-about raising animals: It's way harder and way less rewarding than you may think.  Not only is it sad to raise an animal from birth, only to butcher it and eat it, but without things like tractors, electric fences, barns, vet care, and store-bought feed and supplements, raising livestock is back-breaking work.  In a tribal situation, the person/people responsible for tending such animals will have no time for anything else in their lives, otherwise the animals will suffer, die, get lost, get eaten, get sick, get into the garden and destroy it, get into someone's living space and destroy it, or eat something that either poisons it or makes the milk taste bad.  Chickens will attract predators such as wolves, coyotes, cougars, bobcats, other wild cats, foxes, feral dogs, bears, skunks, badgers, weasles, snakes, vultures, eagles, owls, and.... I feel like I'm missing some...

Whew, I'm tired.  I'll post more when I think of more.

Now, these are the things that would keep me from going to live in a tribal society like you planned.

What I would like to see in this discussion is not people defending their ideas, plans, or hopes about this project.  I want to see people accepting that these things are worth considering, and I want to see people come up with prevention/solutions.  (I will also contribute to the prevention/solution part, cause I've dealt with these things in the past.) 

Remember, be smart, be strong, be safe, and survive.  :)

Txon Taronyu:
This does raise good points

I know I have thought of many of these things and also dealt with them before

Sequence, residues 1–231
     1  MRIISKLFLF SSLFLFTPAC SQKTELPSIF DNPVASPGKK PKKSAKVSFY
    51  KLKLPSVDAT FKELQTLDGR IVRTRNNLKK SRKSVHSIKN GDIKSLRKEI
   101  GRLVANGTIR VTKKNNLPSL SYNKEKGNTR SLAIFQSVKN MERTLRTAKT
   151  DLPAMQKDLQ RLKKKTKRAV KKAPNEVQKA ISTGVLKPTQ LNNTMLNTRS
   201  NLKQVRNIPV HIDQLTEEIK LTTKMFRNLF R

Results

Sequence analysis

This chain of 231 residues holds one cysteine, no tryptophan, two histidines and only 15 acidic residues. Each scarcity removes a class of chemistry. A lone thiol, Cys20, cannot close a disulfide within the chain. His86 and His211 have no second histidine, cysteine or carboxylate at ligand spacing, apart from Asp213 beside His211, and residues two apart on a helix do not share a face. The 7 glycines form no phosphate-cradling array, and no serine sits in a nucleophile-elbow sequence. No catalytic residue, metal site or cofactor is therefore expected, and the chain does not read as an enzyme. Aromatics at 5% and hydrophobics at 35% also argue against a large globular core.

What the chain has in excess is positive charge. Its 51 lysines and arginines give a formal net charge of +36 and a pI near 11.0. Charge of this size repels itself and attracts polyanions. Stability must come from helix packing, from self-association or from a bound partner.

Actually you can get a wide veriety off food and lots of it if you know how.

We could have compostible outhoses (clean, not smelly if kept right)

And in a group you would catch a few deer and gather some food and then you would rest most of the day and do some of the other work like tanning hides and stuff but its hard work some times and others its a lot of free time. I know.

:) Sounds like you have some experience as well.  That's good!

And I agree about the wide variety of nutritious foods, but many of those foods are very bland, bitter, or have simple tastes.  Of course, you can grow things like basil, oregano, thyme, rosemary, dill, sage, parsley and cilantro, but it can sometimes be hard to create a variety of tastes.  It's like, even with all those herbs, if you ate venison and trout predominately for a year, you will often find yourself wishing for some bacon, a nice hamburger, or even just some friend chicken.  (Though fried grouse is soooo much tastier, lucky you!)


'Itan Atxur:
This is further proof that we won't be able to completely abandon tech.

Also, those of us who are still hear after reading that post are most certainly worthy of the "committed" list!

Very good points, all of which need to be addressed before we do anything.

Reading the link that Txon Taronyu posted makes me think twice about the depressed part I posted.  Maybe if you are forced to live that way against your will it is depressing, but the man in the article sounded happy about it because it was his choice.

Food for thought.


[0] Message Index

[#] Next page

Go to full version